Later that afternoon, Trina received a call from the surgeon's nurse. DrM would come to Linus's room at 8am Wed morning to talk to us about the surgery details and to give us a timeline. My mom drove in so I could make the meeting. DrM was very no nonsense and laid everything out on the table. There are several options on how to "fix" Linus's heart and he won't know exactly what can be done until he's "inside". He expressed some concerns and was very up front about the pros and cons of each procedure he spoke about. Even though he threw a lot of information and medical terminology at us, we kept up pretty well. Luckily I had done some research on different surgical procedures used to treat Linus's different defects. The one thing that threw us both for a loop was when he mentioned that Linus's pulmonary valve had been leaking on/off in a few of his latest echos. No one had mentioned this before. That makes 3 valves that are now having issues. That in itself isn't great news, but the fact that the pulmonary valve being in good shape is an integral part of our "best case scenario" surgical option makes us worry in a major way.
He told us that his surgical schedule was booked for over a month, but that Linus can't wait that long. His condition is only getting worse and apparently the "healthy parts" of his heart are buckling under the strain of compensating for the defective parts. He wants to work on him in the next 2-3 weeks. They don't want him to go back into crisis before they act. Having him "healthy" will greatly improve his chances to make it through the surgery and heal without as many complications. They're going to look at the schedule, decide who to bump and call us back with a date and time. We told him we wanted to take Linus home while we wait for surgery. DrM told us that that wasn't how things were normally done, but he would allow it. We left the hospital that day. We have to go back in for a cardiology check up on Tues just to make sure he's doing ok and to see how his 4 new meds are treating him. I sure do hope that after his surgery, this kid's medicine cabinet gets a little smaller. He takes a ridiculous amount of medication each day.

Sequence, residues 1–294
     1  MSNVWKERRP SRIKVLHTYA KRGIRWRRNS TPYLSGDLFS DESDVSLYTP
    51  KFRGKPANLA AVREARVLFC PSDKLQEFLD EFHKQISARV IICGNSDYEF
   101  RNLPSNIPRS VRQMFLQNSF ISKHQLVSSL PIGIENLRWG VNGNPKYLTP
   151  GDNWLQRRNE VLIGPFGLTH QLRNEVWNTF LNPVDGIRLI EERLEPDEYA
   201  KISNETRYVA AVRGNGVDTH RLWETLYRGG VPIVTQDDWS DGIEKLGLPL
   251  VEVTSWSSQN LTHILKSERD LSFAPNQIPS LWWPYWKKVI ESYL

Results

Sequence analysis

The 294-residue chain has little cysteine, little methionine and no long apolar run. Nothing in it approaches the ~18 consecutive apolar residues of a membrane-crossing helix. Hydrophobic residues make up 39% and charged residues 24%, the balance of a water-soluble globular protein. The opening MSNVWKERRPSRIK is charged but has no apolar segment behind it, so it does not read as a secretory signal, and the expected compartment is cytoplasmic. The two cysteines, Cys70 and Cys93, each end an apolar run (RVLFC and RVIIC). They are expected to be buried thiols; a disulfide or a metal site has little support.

This part will probably bore most of you, so feel free to skip it. I just want to have the technical stuff down for posterity. Basically Linus has two major problems that need to be fixed in order for him to start thriving. The first issue is that his aortic valve is a mess. He doesn't have the three requisite leaflets and both the aortic annulus (fibrous ring that houses the valve) and the valve itself are too small. Secondly his mitral valve is not formed properly and has become scarred and inefficient due to high ventricular pressures caused by his aortic defect. These two problems are now causing other problems. It's like a cardiac failure snowball. Since the mitral valve isn't doing it's job, his left atrium is enlarged. The high pressure in his left ventricle is also causing the heart wall there to become thickened so that it can not relax properly. This only magnifies the high pressure and makes all the other issues worse. DrM believes the best option for Linus is to repair the mitral valve, do an aortic annulus expansion and to perform the Ross Procedure (pictured in the diagram above). This would hopefully give Linus 7-10 years before he needs another open heart surgery. DrM said he would go to "extreme measures" to repair the mitral valve so that it did not have to be replaced. Not having a mechanical valve put in would save him from a lifetime of dangerous blood thinners. Expanding the tight aortic ring would allow a larger valve to be put there making it easier for blood to leave the heart properly. The Ross procedure is where the aortic valve is removed and replaced with the patients own pulmonary valve, the pulmonary valve is then replaced with a cadaver valve. The pulmonary valve will generally continue to grow in it's new spot giving the patient many more years before it has to be replaced again. Using a cadaver valve in the pulmonary position also keeps the patient from having to get a mechanical valve requiring blood thinners. This is where the importance of a good pulmonary valve comes in. If his is not in tip top shape, it can't be moved into the much more demanding position of aortic valve. We are hoping beyond hope that the leaking is a physiological issue caused by his aortic stenosis and not a physical problem with the valve itself. We won't know until DrM actually looks at the valve "in person" instead of onscreen. If it's not a good valve, a mechanical aortic valve will be used. This is not a good option, not only because of the blood thinners, but also because he will outgrow it fairly quickly and will need it replaced in a few years. I really hope that DrM's 3 prong surgical plan will come to fruition without a hitch. Linus has had enough complications, it's time something goes his way for once.
We can add the hospital's mobile to the growing list of items that have Linus's affection. The socks on his hands are to keep him from pulling out his NG tube...again...
Only a tiny bruise left from where they went in through his carotid artery. Look at that double chin. My little fatty fatty bumbalatty.
I wonder how long we'll have the same color eyes. :)